As the growing backlash against globalization picks up pace, populists and nationalists are on the march, particularly in the US and Europe. Leaders in Asia can hardly escape this growing trend, even as they grapple with their own emerging domestic challenges and the evolving transformation in the regional order. We profile some of Asia’s key leaders and the mark they are making.
Conventional explanations for the recent rise of populism and identity politics are too narrow.
The Chinese president is convinced that leadership from the top must be strengthened.
The Japanese prime minister’s challenges mount, including an erratic US and his desire to amend Japan’s constitution.
A wakeup call is needed after an erosion of the president’s popular mandate amid sputtering economic policies.
The increasing influence of Islamist issues has pushed the president to accommodate conservative Islamic parties.
Personal vulgarity and glorification of violence haven’t undermined his rule, but is Philippine democracy suffering?
The specter of Hindu nationalism has emerged as a potent force that could threaten the country’s democracy.
US President Donald Trump is leading his country into a trade quagmire. Growing hostility towards China will be hard to pull back from.
The prospect of trade talks restarting between the US and China is unlikely to lead to a major breakthrough.
The BRI is a central component of Beijing’s agenda to cement its leadership in the world.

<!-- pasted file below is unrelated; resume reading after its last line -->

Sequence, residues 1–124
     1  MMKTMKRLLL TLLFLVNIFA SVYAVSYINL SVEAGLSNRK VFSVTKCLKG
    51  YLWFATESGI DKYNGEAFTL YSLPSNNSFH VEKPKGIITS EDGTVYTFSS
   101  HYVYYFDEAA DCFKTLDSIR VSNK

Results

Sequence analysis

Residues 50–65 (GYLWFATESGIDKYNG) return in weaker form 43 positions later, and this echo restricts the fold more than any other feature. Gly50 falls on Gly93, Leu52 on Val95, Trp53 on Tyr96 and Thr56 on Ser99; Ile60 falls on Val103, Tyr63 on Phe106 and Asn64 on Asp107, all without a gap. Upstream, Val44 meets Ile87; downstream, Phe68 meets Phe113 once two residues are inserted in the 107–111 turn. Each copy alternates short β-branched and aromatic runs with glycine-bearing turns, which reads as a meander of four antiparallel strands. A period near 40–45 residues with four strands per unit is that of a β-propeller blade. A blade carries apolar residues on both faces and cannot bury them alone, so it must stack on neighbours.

The US under Donald Trump is taking renewed interest and seeking to boost its regional influence along with allies such as Japan and India.
Washington and Beijing should work together to promote shared leadership to achieve greater co-operation among all nations.
As China rises, how likely is it that disputes over this key body of water could lead to conflict with the US?
Indonesia and other ASEAN states could play a key role in mitigating US-China rivalry.
Was Trump’s true Singapore summit agenda to cool tensions to gain space for a harsher policy on Iran?
Why peace efforts shouldn’t focus exclusively on denuclearization.
Wherever it leads, the road to peace will be long and hard.
Tansen Sen’s India, China and the World: A Connected History highlights lesser-known links between the two countries.
New titles by Clive Hamilton; Amy Chua; Mathilde Chatin & Giulio M. Gallarotti (eds.); Brian D. Taylor; Øystein Tunsjø; Paul Thomas Chamberlin; Stephen R. Platt; Sulmaan Wasif Khan; Michiko Kakutani; Steven Levitsky & Daniel Ziblatt; Prasenjit K. Basu; Ru